Oregon Resident Charged with Conspiring to Provide Material Support to Terrorists in Connection with Suicide Bombing of ISI Headquarters in Pakistan
PORTLAND, Ore. – Reaz Qadir Khan, 48, a naturalized U.S. citizen residing in Portland, has been arrested on charges of conspiracy to provide material support to terrorists for the assistance he allegedly provided to an individual who participated in a May 27, 2009, suicide bomb attack at the headquarters of Pakistan’s intelligence service in Lahore, Pakistan, that killed approximately 30 individuals and injured 300 more.
The arrest was announced by Amanda Marshall, U.S. Attorney for the District of Oregon; Lisa Monaco, Assistant Attorney General for National Security; and Gregory Fowler, Special Agent in Charge of the FBI Portland Division.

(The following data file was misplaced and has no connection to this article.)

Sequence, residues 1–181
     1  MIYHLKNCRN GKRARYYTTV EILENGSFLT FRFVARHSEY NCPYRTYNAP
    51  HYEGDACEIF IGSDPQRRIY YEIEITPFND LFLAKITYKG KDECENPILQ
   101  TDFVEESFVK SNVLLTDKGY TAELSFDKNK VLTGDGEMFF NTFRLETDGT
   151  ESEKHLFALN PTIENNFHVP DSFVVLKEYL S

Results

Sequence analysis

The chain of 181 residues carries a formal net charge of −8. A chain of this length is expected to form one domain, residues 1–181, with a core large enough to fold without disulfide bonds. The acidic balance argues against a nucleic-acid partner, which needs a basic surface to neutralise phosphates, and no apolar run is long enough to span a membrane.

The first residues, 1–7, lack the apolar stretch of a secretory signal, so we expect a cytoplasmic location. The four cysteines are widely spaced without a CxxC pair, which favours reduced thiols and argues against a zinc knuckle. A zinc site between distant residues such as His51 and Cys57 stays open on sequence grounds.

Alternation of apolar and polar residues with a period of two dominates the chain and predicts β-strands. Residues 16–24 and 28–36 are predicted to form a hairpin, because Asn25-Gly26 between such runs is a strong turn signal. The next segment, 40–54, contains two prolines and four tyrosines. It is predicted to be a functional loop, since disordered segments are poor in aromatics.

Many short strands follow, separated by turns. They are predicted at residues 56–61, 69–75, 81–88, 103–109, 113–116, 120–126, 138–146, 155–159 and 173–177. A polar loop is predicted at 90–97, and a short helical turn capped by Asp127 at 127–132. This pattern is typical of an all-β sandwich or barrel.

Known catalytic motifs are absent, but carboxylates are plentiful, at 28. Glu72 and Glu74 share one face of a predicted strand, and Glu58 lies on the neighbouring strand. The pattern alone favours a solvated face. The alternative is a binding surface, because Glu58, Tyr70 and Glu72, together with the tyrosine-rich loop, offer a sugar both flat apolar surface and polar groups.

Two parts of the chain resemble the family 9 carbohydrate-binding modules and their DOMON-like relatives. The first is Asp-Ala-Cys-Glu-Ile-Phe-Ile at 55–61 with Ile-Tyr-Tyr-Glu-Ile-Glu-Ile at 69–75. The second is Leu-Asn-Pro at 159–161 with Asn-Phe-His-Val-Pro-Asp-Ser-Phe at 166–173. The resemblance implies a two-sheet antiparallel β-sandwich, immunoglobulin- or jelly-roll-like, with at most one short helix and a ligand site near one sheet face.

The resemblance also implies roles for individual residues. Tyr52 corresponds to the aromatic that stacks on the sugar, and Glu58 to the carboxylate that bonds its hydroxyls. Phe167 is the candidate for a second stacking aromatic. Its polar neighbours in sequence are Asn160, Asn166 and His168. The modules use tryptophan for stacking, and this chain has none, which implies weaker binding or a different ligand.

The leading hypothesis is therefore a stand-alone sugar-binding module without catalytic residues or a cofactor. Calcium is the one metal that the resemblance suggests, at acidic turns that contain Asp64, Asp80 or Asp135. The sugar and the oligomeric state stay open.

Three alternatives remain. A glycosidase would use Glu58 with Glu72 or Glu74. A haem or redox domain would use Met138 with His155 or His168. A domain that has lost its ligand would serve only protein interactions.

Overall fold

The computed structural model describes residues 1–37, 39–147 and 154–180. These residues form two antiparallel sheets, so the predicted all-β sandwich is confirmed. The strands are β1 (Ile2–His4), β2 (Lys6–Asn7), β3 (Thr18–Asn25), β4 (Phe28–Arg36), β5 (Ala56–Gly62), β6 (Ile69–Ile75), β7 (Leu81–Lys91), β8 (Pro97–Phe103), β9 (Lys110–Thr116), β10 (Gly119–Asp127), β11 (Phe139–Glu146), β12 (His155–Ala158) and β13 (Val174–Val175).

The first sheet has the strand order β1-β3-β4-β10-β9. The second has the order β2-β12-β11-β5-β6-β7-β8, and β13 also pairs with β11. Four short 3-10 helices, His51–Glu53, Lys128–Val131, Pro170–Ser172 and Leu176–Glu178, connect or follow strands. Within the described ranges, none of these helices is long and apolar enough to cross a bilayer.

FBI agents arrested Khan this morning without incident at his residence in Portland. He made his initial appearance today before Magistrate Paul Papak in federal court in Portland, where the charges against him were unsealed and defendant was detained, pending a detention hearing tomorrow, Wednesday, March 6, 2010 at 1:30 p.m. Khan is charged by a federal indictment with one count of conspiracy to provide material support to terrorists. If convicted, he faces a potential maximum sentence of life in prison.